With or Without: an Assessment of Brazil’s More Doctors Program on Population Health
OZCELIK-DISSERTATION-2020.pdf (4.760Mb)(embargoed until: 2021-05-01)
Özçelik, Ece A.
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CitationÖzçelik, Ece A. 2020. With or Without: an Assessment of Brazil’s More Doctors Program on Population Health. Doctoral dissertation, Harvard T.H. Chan School of Public Health.
AbstractRenewed commitment to the Universal Health Coverage agenda reinvigorated interest in primary care. Yet, there is limited evidence on the performance of community-level targeting methods used in large-scale primary care programs. Empirical evidence from developing countries on the contribution of primary care on population health over time relies primarily on ecological studies. This dissertation addresses these knowledge gaps by providing a comprehensive assessment of Brazil’s More Doctors Program (MDP).
We, first, examine the beneficiary targeting performance of the MDP in the period between 2013-2017 (Chapter II). We find that almost 70% of municipalities with vulnerability designation enrolled in the MDP from 2013 to 2017; whereas 33% of municipalities that joined MDP in this period did not match any of the vulnerability criteria. We show that vulnerable municipalities that did not receive MDP physicians had the highest poverty rate and lowest physician availability in primary care settings.
Next, we evaluate the impact of MDP on hospitalizations due to a set of conditions considered to be avoidable with timely and appropriate provision of primary care services. We combine coarsened exact matching and different-in-difference methods to construct valid counterfactual estimates using a municipal-aggregated dataset covering the period from 2009 to 2017. We show that the MDP led to 10.04 (95%CI: -19.16, -0.92) fewer hospitalizations per 100,000 municipal inhabitants for avoidable cardiovascular conditions (Chapter III). The estimated MDP coefficient for avoidable hospitalizations among children and adolescents under 20 years of age was 1.84 (95%CI: -5.34, 1.66), suggesting that the MDP did not reduce the avoidable hospitalizations for this age group (Chapter IV). The program contributed to the narrowing of urban-rural disparities, with an estimated MDP coefficient of -7.43 (95%CI: -13.20, -1.65) for rural municipalities, compared to 1.23 (CI95%: 3.16,5.61) for urban areas.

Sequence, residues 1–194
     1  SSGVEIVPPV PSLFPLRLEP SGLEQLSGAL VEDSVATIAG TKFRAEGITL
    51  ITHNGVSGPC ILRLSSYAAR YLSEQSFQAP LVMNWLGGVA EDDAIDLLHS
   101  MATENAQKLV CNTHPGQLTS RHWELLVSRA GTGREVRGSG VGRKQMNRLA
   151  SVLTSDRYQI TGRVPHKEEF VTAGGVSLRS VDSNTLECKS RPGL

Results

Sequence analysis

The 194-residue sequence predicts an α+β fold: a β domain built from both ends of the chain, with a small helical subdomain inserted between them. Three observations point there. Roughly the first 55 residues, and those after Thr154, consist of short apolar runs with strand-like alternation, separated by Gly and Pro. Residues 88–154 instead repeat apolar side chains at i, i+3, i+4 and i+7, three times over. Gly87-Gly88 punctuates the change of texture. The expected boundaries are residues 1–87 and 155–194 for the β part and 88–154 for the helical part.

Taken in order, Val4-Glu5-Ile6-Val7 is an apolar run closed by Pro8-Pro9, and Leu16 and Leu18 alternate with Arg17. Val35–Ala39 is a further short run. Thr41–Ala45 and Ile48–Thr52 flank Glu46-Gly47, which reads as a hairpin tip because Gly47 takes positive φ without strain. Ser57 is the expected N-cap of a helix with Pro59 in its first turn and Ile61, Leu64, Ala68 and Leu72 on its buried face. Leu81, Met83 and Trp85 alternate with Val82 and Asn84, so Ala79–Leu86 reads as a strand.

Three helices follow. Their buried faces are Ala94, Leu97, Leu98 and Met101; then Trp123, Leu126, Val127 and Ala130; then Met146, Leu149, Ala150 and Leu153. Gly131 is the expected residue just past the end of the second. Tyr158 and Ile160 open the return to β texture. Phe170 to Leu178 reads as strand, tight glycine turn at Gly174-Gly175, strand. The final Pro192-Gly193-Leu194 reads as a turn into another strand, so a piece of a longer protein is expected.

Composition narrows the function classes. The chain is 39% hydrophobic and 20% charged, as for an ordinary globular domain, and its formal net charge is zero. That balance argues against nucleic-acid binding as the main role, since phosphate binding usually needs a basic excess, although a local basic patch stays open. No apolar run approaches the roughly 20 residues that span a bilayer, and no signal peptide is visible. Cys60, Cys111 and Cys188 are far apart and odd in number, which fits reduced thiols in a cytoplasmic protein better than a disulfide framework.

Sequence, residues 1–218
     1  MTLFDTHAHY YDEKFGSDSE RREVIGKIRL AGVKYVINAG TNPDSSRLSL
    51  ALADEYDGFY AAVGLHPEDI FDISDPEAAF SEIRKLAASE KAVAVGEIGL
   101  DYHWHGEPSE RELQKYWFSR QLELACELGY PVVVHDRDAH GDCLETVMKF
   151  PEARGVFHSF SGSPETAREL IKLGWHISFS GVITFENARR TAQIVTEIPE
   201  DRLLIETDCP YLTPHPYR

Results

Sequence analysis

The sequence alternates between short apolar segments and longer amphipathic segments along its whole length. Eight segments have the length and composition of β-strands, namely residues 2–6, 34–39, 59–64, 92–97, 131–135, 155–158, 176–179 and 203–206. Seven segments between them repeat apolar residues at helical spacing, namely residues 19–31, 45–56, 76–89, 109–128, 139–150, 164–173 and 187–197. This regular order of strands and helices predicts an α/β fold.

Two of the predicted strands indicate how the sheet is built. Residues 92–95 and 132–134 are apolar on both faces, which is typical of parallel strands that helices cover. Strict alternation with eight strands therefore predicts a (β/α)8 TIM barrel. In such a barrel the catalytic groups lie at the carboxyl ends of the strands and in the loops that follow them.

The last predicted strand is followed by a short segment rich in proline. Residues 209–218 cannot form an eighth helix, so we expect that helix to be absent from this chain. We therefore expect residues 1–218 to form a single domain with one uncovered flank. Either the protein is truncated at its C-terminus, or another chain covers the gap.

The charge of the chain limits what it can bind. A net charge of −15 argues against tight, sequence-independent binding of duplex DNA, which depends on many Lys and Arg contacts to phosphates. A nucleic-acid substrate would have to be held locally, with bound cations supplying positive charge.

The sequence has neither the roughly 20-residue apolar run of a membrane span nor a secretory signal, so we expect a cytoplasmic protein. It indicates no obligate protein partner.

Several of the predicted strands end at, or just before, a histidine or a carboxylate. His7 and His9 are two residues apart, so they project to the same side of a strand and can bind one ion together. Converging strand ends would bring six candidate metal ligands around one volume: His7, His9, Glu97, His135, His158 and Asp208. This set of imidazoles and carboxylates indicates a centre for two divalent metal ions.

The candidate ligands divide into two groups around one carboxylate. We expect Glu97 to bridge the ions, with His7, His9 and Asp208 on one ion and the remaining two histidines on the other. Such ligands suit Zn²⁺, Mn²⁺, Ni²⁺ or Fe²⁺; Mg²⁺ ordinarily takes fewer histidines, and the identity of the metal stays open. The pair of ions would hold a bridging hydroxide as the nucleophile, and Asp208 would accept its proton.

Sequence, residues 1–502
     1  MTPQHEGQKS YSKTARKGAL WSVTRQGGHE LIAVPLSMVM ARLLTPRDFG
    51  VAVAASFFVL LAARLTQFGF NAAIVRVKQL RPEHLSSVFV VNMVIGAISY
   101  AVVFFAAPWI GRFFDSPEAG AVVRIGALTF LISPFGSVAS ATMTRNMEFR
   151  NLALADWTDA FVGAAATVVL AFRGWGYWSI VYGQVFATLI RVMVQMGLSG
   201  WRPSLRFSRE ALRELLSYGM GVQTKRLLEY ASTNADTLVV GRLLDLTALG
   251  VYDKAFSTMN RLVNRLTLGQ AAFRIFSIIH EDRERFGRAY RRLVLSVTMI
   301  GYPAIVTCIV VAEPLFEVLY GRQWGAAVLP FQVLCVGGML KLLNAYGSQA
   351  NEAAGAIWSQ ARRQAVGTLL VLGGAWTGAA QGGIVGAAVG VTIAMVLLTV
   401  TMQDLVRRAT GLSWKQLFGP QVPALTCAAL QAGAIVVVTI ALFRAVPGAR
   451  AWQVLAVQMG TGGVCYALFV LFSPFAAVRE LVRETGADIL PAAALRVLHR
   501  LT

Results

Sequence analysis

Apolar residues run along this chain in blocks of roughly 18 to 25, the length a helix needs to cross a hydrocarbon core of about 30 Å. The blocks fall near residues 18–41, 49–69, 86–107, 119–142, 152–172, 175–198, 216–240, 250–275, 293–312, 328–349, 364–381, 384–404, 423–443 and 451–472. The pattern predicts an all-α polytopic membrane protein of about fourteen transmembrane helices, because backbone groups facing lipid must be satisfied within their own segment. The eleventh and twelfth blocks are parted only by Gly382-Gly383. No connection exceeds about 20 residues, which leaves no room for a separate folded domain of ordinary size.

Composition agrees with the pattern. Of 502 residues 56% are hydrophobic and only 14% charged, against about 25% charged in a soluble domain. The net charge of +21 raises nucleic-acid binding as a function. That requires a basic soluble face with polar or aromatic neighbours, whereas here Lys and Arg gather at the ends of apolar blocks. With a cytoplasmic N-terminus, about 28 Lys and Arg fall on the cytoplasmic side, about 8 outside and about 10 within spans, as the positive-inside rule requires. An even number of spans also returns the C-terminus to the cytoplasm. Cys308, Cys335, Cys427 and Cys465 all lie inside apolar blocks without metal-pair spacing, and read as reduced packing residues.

The dissertation findings highlight that targeting methods used in large-scale primary care programs have important implications for the extent to which they are able to allocate program resources to their target populations. They demonstrate the complexities in translating increased investment in primary care. They further underscore that a sizable infusion of resources in primary care in underserved settings can improve population health.
Citable link to this pagehttp://nrs.harvard.edu/urn-3:HUL.InstRepos:42676023